Defending Prison Airspace

Counter-UAS systems are combatting a vertical security gap when it comes to smuggling contraband into prisons.

Prisons are designed to keep inmates inside. But over the past decade, an array of nefarious drones has added a dimensional threat—the airspace above correctional facilities. Increasingly, quicker, high-flying, longer-range, payload-enhanced drones can commit illegal acts from a distance.

Aerial assaults have featured a cornucopia of contraband:

• Drugs dropped into an Ohio facility sparked fighting in the yard.

• Contraband delivered over a Maryland prison was collected by an inmate dog-walker.

• Dropped drugs were hidden inside a pigeon in California.

• A handgun was flown into a high-security prison in Canada.

• More than $1 million in contraband was delivered over numerous flights in the United Kingdom, with inmates grabbing deliveries from their cell windows.

“Drones pose a serious threat to the safety and security of the BOP’s institutions, inmates and staff,” announced the conclusions and recommendations section of the Federal Bureau of Prisons’ 2020 threat report. 

“It’s stunning,” said Mary-Lou Smulders, chief marketing officer and head of government affairs for global airspace security company Dedrone, describing “the new asymmetric threat.

“Forget that cake with the knife in it. Since the beginning of time, people have been trying to secure their fortress. But you can’t build a wall high enough to protect you from something that can simply fly over you.”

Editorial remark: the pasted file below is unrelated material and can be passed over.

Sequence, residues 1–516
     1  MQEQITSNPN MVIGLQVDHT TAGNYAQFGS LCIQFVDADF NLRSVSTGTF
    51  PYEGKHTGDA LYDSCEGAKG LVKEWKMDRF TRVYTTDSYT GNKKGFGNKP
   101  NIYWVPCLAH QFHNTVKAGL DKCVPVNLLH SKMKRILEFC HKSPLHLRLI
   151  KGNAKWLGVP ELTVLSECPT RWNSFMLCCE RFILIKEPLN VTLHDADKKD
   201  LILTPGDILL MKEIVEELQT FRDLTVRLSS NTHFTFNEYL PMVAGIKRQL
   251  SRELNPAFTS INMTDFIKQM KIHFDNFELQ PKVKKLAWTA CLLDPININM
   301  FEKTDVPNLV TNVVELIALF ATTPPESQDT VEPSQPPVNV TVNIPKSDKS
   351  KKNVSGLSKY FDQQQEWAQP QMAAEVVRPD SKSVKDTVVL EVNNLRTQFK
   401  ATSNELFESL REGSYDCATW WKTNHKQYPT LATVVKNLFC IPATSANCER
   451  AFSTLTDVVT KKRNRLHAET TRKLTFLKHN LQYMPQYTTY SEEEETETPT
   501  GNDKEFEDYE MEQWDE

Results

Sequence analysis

Current federal and state laws severely limit the use of drones to mitigate other drones. Consequently, today’s full C-UAS correctional facility program needs a comprehensive sequence involving legal means to detect, react to and legally counter threats from above. The protection sequence can involve a threat assessment; an “airspace audit” to diagnose exposure; real-time detection to identify drone type; capabilities integrated into existing protection; and an alert system to buy time as authorities trace the flight path to locate and deter the pilot. Lessons learned can then harden future security.

All this requires a considered approach to deterrence, said Casey Flanagan, president and co-founder of AeroVigilance, a counter-drone consulting and training company based in the greater Richmond, Virginia, area. “The process is to discuss with our customer where their problem is, what they are seeing, if they have any detection technologies already, but also to implement a multilayer strategy,” he said. 

As with so many things, nothing’s perfect. “No one drone detection technology is a panacea; they all have strengths and limitations,” wrote RTI research forensic scientist Neal Parsons in the June 2023 report “Addressing Contraband in Prisons and Jails as the Threat of Drone Deliveries Grows,” published by the National Institute of Justice.

Parsons, who also leads the Criminal Justice Technology and Evaluation Consortium’s counter unmanned aircraft systems research, testing and evaluation effort, endorses a multilayered approach to “overcome the performance gaps of an individual technology. 

“Producing a very thorough counter-UAS system,” he told Inside Unmanned Systems, “has to employ multiple different sensors to overcome gaps in performance. Radar covers a wide area, but you don’t want your team to be notified when anything is flying in the air.

“The next layer would be to interpret what that actual notification is. An EO/IR [electro-optical/infrared] camera can hone in on that drone and the operator can identify competently that a drone is inbound. If you want to go to the third or fourth layer,” Parsons said, “then you’re adding additional modalities like RF solutions.”